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Here is the sentence I'm working with:

Product manufacturing has (been) ________ (at) one unit per month for nearly a year.

Clearly, if just any old word/phrase would do, we could insert "stuck at":

Product manufacturing has been stuck at one unit per month for nearly a year.

I also considered "limited to," but it oddly seems too out of place as well: there is no regulation or anything from keeping product manufacturing from going above one, it's purely a discretionary decision.

Is there a more formal-sounding substitute for "stuck-at" I can use here?

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    Product manufacturing rates have held to one unit per month for nearly a year. Jun 4, 2021 at 4:03
  • If it’s on purpose held might work. If it’s a hurdle they just can’t seem to get over maybe has been stalled at But I’d note that stuck at implies a hurdle-like impediment, while later you say it’s discretionary which is more like it’s being held on purpose. So which is it?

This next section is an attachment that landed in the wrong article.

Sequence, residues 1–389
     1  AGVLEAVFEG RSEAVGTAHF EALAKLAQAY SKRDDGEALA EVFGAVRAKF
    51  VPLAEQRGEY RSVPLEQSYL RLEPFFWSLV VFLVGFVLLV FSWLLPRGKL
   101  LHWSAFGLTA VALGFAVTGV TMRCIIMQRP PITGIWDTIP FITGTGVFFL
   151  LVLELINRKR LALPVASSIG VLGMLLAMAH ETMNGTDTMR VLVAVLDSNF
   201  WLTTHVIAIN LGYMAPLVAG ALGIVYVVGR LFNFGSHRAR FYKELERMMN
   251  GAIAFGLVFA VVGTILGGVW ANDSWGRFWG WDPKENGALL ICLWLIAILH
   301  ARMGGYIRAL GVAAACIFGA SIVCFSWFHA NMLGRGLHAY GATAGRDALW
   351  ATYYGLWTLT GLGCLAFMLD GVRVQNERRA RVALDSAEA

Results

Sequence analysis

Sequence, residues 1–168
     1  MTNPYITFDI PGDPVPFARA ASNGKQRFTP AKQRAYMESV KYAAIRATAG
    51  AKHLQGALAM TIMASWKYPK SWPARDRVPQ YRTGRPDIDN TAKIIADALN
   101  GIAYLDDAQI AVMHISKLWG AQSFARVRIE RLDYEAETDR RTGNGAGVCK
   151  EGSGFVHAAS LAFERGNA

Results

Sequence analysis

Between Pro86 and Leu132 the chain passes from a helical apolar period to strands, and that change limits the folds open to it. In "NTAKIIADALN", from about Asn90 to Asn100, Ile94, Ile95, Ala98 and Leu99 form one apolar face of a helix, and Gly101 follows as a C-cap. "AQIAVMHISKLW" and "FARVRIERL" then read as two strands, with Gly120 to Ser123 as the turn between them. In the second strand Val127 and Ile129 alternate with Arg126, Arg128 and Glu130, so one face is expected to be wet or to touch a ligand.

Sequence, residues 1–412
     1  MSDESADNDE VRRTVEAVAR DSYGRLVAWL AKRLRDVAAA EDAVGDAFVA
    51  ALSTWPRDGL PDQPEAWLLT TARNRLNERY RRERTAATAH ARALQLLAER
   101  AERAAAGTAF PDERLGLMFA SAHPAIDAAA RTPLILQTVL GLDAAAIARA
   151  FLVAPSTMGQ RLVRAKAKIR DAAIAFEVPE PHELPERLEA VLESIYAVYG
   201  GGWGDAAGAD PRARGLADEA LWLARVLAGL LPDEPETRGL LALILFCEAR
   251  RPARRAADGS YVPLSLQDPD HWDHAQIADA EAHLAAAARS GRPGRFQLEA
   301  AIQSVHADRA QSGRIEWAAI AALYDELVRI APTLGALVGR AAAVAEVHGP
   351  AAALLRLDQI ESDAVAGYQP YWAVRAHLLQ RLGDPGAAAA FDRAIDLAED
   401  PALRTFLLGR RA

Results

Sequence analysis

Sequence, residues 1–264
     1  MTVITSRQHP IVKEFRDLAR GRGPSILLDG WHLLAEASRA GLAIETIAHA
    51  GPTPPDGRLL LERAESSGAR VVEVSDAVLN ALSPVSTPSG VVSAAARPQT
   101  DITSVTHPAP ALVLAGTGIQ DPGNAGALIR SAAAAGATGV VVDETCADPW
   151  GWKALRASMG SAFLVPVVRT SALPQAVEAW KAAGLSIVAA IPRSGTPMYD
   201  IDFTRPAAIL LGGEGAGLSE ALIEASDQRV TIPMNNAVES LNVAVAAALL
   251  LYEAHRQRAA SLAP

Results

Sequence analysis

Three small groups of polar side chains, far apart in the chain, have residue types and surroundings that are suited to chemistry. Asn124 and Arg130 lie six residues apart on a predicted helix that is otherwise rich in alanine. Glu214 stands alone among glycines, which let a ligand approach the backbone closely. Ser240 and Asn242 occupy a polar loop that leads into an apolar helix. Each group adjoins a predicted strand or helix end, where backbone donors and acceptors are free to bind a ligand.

– Jim
    Jun 4, 2021 at 4:33
  • @Jim Perhaps you are right that "stuck" has that kind of implication. The actual cause will be a black box I guess, but what is known is that it's not a statutory limitation. "Held" might work, only issue I could find was it loses some of the "slow" connotation. I'm still experimenting. Jun 4, 2021 at 5:14
  • Actually, I would probably use at: Product manufacturing rates have held at one unit per month for nearly a year. Held is a so-called ergative or middle voice verb here. The rates seem to do the verb held, yet we must imagine that an unspecified agent caused it. Compare that to the passive voice held: Product manufacturing rates have been held [by inept managers or by old machines] at one unit per month for nearly a year. (Stalled might work instead of held, if you can tolerate something slightly less formal.) Jun 4, 2021 at 14:50

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Product manufacturing has remained at one unit per month for nearly a year.

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